Born at Martin's Ferry, Ohio, on 17 April 1908, to Ross and Mayme Buskirk Vandruff, Olive Freda Vandruff spent much of her childhood traveling in the Southwestern United States with her mining engineer father and her mother. Largely self-taught, Vandruff felt she received her artistic leanings from her father and grandfather. "Daddy and his father were artistically talented. They painted, but not professionally," she remembered in a 1963 interview for the "Amarillo Globe-Times".
Vandruff moved to San Antonio in the 1931 where she became an assistant to sculptor Pompeo Coppini and worked as a commercial artist. She considered Texas her home. About 1937 she married the engraver Charles F. Anderson, and with him ran an engraving business in San Antonio until the mid-1940s. Vandruff then studied with the painter Edmund Giesbert at the University of Chicago from 1946 to 1948. She also studied with Chicago sculptors Elisabeth H. Hibbard and Frederick C. Hibbard in the mid 1940s, eventually becoming an assistant to them. She returned to Texas around 1950 where she operated a sheep ranch near Kerrville and began to paint easel paintings.
While in the Hill Country she became a renowned painter of animals and birds, "find[ing] it fascinating to capture … the aspects of nature whether it is feathers or fur." Vandruff was often commissioned to paint "portraits of cutting horses, quarter horses, registered cattle and the headquarters of famous ranches," as well as pets: As she recalled, "I painted pooch portraits, cats and brats."
By 1953, she had already had six solo exhibitions at San Antonio, Houston, and Bandera, Texas, and in Miami Beach, Florida, and Chicago. Vandruff also exhibited at the Witte Museum's "Local Artists Show" in San Antonio and the "Houston Vicinity" exhibition, as well as with the Coppini
Academy of Fine Arts. She met Western artist H. D. Bugbee of Clarendon, Texas, in 1960, during the preparations for a Coppini Academy exhibition. Vandruff and Bugbee married the following year and she relocated to Clarendon. She and Bugbee had a two-person exhibition at the Panhandle Plains Historical Museum in 1961.
Upon Bugbee's death in 1963, Vandruff succeeded him as curator of art at the Panhandle-Plains Historical Museum until her retirement in 1982. She also taught art at West Texas State University (now West Texas A & M University). After retiring, Vandruff still volunteered at the Museum, driving the 150-mile round trip from Clarendon nearly every day until November 2002. As a volunteer, Vandruff worked in nearly all Museum departments, most recently in the Museum's Research Center, cataloguing photographs.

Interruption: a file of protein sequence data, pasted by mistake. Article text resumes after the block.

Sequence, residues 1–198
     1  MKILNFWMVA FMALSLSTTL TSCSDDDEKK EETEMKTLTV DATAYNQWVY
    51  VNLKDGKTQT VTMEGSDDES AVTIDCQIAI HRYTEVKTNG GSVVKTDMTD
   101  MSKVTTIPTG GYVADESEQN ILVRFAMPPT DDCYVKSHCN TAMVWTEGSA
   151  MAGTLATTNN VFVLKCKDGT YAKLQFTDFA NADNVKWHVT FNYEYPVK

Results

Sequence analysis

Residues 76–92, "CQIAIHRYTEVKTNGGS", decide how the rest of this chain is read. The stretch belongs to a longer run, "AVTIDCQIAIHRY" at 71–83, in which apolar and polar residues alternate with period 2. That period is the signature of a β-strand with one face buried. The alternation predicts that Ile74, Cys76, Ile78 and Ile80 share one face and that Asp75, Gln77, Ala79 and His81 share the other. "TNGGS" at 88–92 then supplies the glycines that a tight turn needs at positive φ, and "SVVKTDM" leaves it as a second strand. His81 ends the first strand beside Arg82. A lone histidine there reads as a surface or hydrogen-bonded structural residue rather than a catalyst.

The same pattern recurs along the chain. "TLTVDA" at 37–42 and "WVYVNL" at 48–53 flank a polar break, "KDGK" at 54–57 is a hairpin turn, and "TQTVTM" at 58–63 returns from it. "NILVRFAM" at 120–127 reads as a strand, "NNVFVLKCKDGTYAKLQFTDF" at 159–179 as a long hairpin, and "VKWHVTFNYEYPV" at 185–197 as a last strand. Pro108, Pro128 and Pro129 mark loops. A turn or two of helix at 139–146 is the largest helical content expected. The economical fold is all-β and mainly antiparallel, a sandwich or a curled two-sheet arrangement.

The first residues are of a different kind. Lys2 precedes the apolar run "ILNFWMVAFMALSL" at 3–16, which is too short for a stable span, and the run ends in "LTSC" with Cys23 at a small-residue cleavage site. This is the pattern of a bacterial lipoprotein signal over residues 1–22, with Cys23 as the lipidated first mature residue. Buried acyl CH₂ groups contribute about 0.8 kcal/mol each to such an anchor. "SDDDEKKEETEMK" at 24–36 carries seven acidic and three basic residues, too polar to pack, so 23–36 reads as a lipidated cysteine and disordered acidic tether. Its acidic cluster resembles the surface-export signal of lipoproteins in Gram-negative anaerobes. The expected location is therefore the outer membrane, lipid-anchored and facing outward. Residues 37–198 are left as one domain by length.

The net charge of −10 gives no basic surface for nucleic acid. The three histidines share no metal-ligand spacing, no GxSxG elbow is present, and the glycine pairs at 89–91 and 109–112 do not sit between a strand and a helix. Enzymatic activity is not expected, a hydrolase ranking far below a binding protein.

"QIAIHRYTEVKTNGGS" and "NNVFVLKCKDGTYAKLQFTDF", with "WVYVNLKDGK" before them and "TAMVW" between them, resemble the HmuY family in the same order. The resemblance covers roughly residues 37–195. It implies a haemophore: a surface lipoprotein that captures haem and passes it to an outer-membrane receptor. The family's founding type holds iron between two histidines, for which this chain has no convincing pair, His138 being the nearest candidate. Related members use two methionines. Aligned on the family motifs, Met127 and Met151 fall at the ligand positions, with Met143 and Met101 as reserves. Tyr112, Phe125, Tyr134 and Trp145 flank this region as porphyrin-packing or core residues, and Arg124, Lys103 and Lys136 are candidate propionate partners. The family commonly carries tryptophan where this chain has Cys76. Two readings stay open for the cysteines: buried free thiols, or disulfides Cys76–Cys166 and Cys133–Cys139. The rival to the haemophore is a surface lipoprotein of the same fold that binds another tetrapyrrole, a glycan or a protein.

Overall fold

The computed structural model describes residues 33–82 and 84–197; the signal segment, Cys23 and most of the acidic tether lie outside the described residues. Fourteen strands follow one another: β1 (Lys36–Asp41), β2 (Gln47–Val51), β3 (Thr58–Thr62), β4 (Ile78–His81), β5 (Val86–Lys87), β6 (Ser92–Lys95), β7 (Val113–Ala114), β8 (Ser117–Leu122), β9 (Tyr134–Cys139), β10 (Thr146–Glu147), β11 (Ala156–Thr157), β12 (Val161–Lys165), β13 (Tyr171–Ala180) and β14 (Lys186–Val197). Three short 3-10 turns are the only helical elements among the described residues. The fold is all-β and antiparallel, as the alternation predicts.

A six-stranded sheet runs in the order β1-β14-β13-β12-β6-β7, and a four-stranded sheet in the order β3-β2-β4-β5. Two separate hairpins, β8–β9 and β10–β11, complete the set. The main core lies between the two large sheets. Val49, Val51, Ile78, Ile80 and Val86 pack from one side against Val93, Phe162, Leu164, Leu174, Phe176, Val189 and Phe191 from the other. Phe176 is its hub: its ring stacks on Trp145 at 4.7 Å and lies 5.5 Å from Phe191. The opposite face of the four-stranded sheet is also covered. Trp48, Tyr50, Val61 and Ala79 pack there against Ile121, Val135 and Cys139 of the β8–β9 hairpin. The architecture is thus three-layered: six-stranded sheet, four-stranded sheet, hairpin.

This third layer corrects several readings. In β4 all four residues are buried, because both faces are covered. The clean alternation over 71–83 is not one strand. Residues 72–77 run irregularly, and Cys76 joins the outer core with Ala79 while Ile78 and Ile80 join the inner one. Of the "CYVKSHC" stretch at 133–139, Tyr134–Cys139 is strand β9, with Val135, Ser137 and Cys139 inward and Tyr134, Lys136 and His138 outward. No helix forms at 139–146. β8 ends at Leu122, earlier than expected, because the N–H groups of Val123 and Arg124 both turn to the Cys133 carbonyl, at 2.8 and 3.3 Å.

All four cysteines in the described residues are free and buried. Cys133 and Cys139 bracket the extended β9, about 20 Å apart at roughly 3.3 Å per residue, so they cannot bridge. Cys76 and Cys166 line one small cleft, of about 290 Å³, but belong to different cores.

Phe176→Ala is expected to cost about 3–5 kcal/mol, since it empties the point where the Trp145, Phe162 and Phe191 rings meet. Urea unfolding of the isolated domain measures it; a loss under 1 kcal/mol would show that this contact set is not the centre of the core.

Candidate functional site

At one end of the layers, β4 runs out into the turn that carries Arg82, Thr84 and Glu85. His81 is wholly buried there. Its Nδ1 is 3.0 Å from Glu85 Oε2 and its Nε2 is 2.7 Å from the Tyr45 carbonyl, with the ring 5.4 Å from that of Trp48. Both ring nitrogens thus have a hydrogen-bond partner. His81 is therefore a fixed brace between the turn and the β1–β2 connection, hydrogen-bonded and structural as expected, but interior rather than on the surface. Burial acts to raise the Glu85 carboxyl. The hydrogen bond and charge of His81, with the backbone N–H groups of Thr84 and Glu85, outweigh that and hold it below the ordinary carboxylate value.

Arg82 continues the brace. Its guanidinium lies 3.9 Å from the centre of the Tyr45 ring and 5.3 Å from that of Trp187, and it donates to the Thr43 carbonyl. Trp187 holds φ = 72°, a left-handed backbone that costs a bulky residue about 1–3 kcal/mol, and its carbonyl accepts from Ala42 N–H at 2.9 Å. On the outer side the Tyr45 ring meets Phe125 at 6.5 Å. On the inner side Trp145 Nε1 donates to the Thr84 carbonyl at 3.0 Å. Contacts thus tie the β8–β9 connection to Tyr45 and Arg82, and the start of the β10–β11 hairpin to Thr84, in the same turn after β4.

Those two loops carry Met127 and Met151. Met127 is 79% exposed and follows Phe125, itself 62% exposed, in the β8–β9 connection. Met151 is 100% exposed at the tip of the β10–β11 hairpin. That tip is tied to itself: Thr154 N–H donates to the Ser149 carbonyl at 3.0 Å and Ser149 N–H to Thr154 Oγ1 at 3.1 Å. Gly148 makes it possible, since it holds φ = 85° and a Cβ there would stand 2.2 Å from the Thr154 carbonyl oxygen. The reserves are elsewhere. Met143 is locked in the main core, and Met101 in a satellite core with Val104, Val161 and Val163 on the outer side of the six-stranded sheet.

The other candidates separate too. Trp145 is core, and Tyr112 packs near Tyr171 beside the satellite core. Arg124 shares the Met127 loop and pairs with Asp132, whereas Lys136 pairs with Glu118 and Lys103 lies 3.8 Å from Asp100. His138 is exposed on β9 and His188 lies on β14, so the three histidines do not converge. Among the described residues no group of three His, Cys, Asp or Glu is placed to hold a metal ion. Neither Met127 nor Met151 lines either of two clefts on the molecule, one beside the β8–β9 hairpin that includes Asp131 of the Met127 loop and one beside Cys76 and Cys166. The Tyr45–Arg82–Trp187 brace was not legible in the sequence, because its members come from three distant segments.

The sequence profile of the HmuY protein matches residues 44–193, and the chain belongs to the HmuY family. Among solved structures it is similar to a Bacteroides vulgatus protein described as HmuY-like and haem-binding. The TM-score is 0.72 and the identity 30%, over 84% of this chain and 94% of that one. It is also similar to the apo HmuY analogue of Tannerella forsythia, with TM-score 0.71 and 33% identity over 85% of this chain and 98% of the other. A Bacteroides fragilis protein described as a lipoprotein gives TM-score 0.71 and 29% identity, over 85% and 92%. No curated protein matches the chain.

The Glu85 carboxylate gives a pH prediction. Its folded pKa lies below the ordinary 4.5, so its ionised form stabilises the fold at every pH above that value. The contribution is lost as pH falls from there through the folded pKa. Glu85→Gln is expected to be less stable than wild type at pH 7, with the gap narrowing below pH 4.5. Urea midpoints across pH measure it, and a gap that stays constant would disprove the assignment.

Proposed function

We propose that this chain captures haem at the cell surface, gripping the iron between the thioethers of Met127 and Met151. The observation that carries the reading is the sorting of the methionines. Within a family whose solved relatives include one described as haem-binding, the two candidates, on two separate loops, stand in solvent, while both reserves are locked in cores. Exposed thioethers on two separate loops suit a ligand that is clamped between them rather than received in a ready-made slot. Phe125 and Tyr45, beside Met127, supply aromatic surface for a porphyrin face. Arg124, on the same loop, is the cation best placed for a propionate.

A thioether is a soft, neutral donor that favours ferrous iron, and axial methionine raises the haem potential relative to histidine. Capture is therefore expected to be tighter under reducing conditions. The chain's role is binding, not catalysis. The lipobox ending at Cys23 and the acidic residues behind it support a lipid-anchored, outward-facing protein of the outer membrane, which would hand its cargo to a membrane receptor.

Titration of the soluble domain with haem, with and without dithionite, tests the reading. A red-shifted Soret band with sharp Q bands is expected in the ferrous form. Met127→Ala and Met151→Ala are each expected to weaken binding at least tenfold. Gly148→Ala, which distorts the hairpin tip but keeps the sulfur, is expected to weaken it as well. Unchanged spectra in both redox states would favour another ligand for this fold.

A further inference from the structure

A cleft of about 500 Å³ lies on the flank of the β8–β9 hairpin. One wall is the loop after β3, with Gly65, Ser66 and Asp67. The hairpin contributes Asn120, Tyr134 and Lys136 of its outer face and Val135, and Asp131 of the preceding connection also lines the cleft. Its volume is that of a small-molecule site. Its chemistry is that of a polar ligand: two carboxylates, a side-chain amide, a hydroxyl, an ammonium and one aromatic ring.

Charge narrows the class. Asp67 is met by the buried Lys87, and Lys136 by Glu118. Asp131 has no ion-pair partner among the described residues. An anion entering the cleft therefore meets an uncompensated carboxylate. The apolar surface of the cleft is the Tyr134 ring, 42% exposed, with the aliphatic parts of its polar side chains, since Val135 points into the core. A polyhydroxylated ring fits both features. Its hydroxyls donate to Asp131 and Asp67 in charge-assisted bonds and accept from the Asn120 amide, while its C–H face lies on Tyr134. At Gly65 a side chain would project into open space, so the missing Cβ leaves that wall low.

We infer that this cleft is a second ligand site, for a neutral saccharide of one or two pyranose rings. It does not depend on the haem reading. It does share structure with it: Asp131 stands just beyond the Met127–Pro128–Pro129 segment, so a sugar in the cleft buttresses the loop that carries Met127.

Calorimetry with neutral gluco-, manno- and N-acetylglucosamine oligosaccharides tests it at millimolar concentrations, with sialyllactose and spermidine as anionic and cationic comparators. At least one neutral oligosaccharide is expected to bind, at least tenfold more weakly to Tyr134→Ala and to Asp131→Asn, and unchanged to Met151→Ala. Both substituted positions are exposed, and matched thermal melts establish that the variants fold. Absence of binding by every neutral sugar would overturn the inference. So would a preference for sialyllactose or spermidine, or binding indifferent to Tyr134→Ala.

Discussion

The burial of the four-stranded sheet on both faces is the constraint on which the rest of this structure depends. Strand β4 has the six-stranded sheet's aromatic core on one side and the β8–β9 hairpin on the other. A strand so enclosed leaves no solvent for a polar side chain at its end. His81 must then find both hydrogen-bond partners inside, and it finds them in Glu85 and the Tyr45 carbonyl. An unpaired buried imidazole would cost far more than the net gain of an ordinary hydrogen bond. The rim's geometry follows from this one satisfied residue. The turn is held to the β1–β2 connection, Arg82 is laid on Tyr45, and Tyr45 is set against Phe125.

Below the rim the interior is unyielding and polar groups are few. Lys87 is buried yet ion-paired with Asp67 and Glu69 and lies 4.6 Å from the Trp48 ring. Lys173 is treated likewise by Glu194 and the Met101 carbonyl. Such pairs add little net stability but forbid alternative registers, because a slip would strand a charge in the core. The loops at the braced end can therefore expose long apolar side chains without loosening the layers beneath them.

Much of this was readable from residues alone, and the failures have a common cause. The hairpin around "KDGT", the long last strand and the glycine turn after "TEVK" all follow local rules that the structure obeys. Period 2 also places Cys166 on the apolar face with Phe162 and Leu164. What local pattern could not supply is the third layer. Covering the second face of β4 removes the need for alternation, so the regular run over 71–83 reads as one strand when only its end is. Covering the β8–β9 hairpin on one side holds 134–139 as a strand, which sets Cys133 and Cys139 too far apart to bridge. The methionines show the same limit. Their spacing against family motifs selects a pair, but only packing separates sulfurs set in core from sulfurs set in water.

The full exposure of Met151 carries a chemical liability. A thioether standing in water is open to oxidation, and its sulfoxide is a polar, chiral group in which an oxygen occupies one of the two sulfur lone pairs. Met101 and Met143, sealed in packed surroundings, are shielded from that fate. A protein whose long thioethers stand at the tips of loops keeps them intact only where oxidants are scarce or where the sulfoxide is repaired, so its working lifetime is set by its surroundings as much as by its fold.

Vandruff also acted as custodian of the Bugbee Ranch, founded northwest of Clarendon in 1913 and part of which is now covered by Lake Greenbelt. With its two-story Prairie-style home Bugbee Ranch may be unique in the state of Texas. Vandruff worked in several media, including pastel, watercolor, casein, and oil. The Baker Gallery in Lubbock and the Canyon Art Gallery handled her work in the Panhandle.
Vandruff's paintings are found in public and private collections across the United States. Among her patrons were former President Lyndon B. Johnson and Texas governor Dolph Briscoe, and Amarillo oilman L. R. Hagy. Her public commissions consist of murals in Texas and Oklahoma, including a mural of Palo Duro Canyon for the First National Bank of Amarillo (now Banc of America). In 1976, she was included in the landmark exhibition, "The Woman Artist in the American West, 1860-1960," in Fullerton, California. Recently, she was included in the "Dictionary of Texas Artists, 1800-1945", published by Texas A & M University Press and "Women Artists of the American West" by Phil Kovinick and Marian Yoshiki-Kovinick.
Vandruff felt that art "is employed in almost every object" and it "might be the individuality expressed in almost any work, whether it be a painting or a house." Olive Vandruff died 4 January 2003.